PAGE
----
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Burger Battle: Los Angeles

California is bankrupt. The Dodgers may be going under. Gas has topped $5 in some places.

The President's visit is going to screw up the 405 today.

Dennis Lane Photography | FoodPix | Getty Images

But none of these get Angelenos as worked up as this question: what's better, Five Guys or In-N-Out?

In-N-Out Burgers are a homegrown legend. Five Guys is the newcomer from Virginia. In my house, the girls like Five Guys (especially the fries), the boys like In-N-Out.

But loyalties extend far beyond the state line. As our Darren Rovell has reported,golfer Stewart Cink is an unabashed In-N-Out fan, while Phil Mickelson has a piece of Five Guys' LA franchises.

Technomic has named Five Guys the fastest growing chain in America, and Zagat raised eyebrows when the chain seemingly came out of nowhere last year to dethrone In-N-Out for Best Burger.

To the uninitiated, a Five Guys burger comes with two very large patties and a slew of toppings to choose from, including mushrooms. These burgers are juicy, you need napkins. In-N-Out has less meat, but everything—the bun and veggies included—are renowned for their freshness. An In-N-Out Double Double costs me $2.76. Five Guys costs $5.65, twice as much.

Steve West at Stifel Nicolaus says the so-called fast casual hamburger "is the most explosive growth we're seeing in the industry right now." But he says Five Guys' success isn't really a threat to McDonald's, which he says has such a diverse menu now that it even sells more chicken than KFC.

Instead, the real threat is to sit-down burger joints like Red Robin and Applebee's, which West says serve a comparable burger that takes longer to get and requires you to pay a tip.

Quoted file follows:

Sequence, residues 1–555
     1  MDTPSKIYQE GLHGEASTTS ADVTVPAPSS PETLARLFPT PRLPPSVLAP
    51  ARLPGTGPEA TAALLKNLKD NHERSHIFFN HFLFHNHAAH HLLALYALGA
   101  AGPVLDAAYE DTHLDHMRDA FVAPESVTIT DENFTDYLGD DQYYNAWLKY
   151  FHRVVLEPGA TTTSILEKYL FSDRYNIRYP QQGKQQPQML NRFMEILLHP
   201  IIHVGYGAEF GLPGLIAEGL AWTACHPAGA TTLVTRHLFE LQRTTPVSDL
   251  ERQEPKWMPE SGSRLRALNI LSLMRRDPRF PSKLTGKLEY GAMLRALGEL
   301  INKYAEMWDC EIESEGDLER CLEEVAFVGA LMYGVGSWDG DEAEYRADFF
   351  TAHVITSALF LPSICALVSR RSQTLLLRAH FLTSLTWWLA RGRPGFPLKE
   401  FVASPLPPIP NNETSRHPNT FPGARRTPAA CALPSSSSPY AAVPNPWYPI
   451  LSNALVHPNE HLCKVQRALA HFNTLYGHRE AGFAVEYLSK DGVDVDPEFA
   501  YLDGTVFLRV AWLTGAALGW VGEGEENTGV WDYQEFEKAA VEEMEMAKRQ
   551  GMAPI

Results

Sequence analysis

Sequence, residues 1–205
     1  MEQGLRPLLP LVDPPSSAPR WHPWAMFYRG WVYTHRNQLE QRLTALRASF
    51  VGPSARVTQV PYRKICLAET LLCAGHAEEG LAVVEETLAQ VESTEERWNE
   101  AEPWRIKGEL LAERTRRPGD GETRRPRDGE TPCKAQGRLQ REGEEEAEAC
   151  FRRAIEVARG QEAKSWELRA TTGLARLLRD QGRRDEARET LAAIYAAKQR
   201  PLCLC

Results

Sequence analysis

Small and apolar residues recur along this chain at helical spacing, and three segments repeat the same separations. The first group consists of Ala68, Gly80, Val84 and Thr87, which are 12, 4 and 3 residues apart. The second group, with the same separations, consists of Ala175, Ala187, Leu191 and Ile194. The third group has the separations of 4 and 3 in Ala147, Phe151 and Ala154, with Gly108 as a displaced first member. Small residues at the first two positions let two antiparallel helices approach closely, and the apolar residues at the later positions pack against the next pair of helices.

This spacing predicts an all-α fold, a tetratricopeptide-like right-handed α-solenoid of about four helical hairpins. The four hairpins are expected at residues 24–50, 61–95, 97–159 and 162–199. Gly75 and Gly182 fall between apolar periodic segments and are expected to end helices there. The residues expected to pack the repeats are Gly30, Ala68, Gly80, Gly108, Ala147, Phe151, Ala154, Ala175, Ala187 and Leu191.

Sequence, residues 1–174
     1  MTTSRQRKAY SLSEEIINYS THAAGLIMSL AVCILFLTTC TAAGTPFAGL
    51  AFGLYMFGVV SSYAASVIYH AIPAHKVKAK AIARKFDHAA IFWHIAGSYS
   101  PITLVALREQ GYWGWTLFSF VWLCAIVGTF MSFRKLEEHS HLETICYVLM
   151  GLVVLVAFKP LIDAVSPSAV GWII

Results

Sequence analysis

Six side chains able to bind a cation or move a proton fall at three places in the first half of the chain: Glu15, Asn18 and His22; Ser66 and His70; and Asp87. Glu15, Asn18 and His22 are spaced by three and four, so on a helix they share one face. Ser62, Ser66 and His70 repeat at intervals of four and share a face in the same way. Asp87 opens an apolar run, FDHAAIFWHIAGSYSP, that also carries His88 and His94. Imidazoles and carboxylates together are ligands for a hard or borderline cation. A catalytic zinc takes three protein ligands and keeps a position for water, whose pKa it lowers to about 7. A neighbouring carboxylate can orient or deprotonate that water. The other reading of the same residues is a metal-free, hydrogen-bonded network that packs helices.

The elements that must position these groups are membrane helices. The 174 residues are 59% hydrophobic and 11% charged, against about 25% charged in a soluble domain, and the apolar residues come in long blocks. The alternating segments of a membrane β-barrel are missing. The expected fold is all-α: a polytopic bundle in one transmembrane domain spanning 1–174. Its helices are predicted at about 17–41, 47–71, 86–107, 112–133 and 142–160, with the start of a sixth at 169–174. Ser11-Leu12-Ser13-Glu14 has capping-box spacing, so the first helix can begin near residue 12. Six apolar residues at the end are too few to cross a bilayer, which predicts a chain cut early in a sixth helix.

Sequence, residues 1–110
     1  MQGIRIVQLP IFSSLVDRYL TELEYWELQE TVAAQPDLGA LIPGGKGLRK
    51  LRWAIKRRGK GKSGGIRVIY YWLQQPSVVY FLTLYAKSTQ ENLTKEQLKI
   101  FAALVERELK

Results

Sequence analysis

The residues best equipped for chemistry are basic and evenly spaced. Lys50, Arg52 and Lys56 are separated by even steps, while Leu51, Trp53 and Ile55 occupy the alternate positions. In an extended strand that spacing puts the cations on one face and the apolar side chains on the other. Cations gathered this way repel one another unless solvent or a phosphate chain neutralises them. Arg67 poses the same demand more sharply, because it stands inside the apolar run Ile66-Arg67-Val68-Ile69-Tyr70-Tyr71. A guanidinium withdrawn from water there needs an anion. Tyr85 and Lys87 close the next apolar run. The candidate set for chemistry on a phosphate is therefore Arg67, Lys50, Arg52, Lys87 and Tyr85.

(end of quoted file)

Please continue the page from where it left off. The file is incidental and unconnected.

But back to the central question: which is better, Five Guys or In-N-Out? We went to California Lutheran University to do an unscientific—but blind—taste test with a dozen students. I'm Lutheran. We know meat. We eat a lot of it, as you would know if you've ever been to a church supper.

We had the students compare a Five Guys burger with the works, an In-N-Out Double Double, and a Big Mac. No contest.

In-N-Out won by a 2-1 margin. Five Guys came in second, though McDonald's got 33 percent of the second placed votes.

What did they say specifically? The first clip is of the Five Guys. The second clip is In-N-Out.

And the third clip is student Vim Iglesia, who knows a lot about hamburgers. A lot. He even started smelling them before savoring, and he was the only tester who insisted on going back for a second bite. Sit back, and watch the expertise of a college male at work. He is exactly the demographic every burger joint covets.

Questions? Comments? Funny Stories? Email funnybusiness@cnbc.com

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  • Based in Los Angeles, Jane Wells is a CNBC business news reporter and also writes the Funny Business blog for CNBC.com.

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